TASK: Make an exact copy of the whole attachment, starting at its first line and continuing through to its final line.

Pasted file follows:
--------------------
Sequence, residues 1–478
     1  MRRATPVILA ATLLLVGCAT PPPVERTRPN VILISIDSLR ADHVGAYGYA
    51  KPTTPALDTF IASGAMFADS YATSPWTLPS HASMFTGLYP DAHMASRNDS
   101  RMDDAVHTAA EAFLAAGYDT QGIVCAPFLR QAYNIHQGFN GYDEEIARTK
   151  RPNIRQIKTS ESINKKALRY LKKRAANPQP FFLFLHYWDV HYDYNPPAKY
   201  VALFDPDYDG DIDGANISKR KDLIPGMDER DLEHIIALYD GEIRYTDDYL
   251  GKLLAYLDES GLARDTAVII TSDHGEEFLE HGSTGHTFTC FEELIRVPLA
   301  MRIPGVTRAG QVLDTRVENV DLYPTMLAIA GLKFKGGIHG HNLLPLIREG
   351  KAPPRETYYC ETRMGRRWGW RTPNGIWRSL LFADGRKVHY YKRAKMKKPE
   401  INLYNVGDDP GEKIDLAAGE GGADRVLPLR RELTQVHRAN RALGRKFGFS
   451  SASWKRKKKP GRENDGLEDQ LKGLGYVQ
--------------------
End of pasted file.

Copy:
Sequence, residues 1–478
     1  MRRATPVILA ATLLLVGCAT PPPVERTRPN VILISIDSLR ADHVGAYGYA
    51  KPTTPALDTF IASGAMFADS YATSPWTLPS HASMFTGLYP DAHMASRNDS
   101  RMDDAVHTAA EAFLAAGYDT QGIVCAPFLR QAYNIHQGFN GYDEEIARTK
   151  RPNIRQIKTS ESINKKALRY LKKRAANPQP FFLFLHYWDV HYDYNPPAKY
   201  VALFDPDYDG DIDGANISKR KDLIPGMDER DLEHIIALYD GEIRYTDDYL
   251  GKLLAYLDES GLARDTAVII TSDHGEEFLE HGSTGHTFTC FEELIRVPLA
   301  MRIPGVTRAG QVLDTRVENV DLYPTMLAIA GLKFKGGIHG HNLLPLIREG
   351  KAPPRETYYC ETRMGRRWGW RTPNGIWRSL LFADGRKVHY YKRAKMKKPE
   401  INLYNVGDDP GEKIDLAAGE GGADRVLPLR RELTQVHRAN RALGRKFGFS
   451  SASWKRKKKP GRENDGLEDQ LKGLGYVQ